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DVD Review: ‘Sawako Decides’

★★★☆☆

In Yûya Ishii’s Sawako Decides (2010), all the ingredients for a rites of passage rom-com are evident. In a world very similar to the quirky and misunderstood setting of Ishii’s own Girl Sparks (2007), an aspiring middle-class girl will find her way back to her roots and ultimately arrive at happiness.

Hikari Mitsushima plays the Sawako of the film’s title, a ‘middle’ girl who is literally and metaphorically constipated, gulps large amounts of beer and uses the phrase “It cannot be helped” as an excuse for her apathy towards her own existence.

During her meaningless and humiliating job at a toy company, she passively listens to two co-workers talk about men and the global economic crisis. Her limited free time is spent in the company of her boyfriend Kenichi (Masashi Endô) and his daughter Kayoko (Kira Aihara), unable to connect with either of them in any significant or meaningful way.

The film rests on the delicate shoulders of Mitsushima – one cannot help but care for Sawako, even if she does not care about herself. Reminiscent of Mitsushima’s performance in Momoko Ando’s Kakera: A Piece of Our Life (2009), Hikari’s portrayal of the spiritless middle-class girl is more than impressive and a character that could have degenerated into irritation is able to receive sympathy despite her apathy.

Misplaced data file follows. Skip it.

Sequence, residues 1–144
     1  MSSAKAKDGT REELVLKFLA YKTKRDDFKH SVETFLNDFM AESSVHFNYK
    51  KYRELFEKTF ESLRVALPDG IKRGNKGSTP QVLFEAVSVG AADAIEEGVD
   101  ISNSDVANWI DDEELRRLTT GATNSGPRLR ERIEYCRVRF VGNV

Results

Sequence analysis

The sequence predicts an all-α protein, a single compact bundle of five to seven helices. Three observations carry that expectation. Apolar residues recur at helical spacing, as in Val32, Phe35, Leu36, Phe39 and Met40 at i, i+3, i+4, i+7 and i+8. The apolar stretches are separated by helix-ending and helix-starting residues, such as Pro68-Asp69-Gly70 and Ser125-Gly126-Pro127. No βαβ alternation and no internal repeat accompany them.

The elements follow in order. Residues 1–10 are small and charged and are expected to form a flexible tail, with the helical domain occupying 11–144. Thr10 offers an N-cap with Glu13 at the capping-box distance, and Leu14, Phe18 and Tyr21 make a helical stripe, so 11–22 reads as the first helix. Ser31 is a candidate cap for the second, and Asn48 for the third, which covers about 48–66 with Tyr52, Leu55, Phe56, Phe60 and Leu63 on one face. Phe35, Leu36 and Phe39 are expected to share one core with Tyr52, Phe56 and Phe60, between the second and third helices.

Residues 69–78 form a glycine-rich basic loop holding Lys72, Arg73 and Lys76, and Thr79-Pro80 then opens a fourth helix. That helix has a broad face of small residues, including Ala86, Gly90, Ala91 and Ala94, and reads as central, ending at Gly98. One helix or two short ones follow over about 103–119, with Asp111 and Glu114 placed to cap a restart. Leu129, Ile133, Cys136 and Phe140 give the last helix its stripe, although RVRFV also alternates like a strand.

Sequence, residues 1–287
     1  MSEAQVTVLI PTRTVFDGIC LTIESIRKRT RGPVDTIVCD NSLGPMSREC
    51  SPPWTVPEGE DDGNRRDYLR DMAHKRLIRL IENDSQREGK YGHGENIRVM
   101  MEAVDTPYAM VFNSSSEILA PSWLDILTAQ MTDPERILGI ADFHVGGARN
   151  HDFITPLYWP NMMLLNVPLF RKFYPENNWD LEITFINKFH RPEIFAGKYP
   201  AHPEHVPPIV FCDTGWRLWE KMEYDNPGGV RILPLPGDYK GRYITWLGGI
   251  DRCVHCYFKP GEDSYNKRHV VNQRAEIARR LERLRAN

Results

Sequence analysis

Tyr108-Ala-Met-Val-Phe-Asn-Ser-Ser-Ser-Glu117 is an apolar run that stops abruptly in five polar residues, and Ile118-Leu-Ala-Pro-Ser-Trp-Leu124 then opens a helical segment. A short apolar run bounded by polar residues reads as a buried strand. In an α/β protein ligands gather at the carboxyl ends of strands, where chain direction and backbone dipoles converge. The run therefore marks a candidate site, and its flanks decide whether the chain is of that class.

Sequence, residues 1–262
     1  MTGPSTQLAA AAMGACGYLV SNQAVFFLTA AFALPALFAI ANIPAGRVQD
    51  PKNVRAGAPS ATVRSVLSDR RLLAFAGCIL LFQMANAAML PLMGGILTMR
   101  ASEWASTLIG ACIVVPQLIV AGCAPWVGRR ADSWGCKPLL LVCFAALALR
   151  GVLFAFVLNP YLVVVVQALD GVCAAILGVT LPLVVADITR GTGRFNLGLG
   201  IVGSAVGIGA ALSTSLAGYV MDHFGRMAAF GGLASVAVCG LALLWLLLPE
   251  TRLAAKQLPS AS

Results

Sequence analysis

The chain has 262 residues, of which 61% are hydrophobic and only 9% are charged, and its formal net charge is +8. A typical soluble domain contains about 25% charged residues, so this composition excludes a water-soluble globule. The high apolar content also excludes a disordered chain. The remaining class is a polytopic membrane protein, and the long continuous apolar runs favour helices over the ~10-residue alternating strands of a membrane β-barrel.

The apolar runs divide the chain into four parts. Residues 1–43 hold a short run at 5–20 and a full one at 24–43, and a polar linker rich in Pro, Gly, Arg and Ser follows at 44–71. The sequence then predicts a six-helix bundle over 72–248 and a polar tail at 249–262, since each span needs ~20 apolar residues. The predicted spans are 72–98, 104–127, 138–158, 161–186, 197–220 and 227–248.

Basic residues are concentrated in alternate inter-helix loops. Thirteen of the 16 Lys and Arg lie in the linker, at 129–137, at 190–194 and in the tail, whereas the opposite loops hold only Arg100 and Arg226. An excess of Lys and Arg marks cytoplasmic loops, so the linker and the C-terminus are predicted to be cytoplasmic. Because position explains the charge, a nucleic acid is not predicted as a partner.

Sawako Decides is a slow-burner, with space given for subtle character development, yet Ishii skilfully plays with his narrative and characters and positions them against the other, which often produces some hilarious results. The film is generically different from what a Western audience would classify as comedy – what is funny in Sawako comes from the absurdity of the characters and how they behave and react within unflinchingly realistic situations.

Sawako Decides is not a masterpiece by any strength of the imagination, but remains a pleasure to watch. The simple message of the film – that accepting one’s circumstances does not mean admitting defeat or having to live unhappily – leaves a long-lasting impression in the mind.

Antoniya Petkova (CUEAFS)